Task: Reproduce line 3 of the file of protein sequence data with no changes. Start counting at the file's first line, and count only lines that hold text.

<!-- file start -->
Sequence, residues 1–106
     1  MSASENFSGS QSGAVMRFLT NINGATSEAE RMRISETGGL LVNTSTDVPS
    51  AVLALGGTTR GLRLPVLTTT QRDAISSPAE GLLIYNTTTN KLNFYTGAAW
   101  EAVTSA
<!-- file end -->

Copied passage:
    51  AVLALGGTTR GLRLPVLTTT QRDAISSPAE GLLIYNTTTN KLNFYTGAAW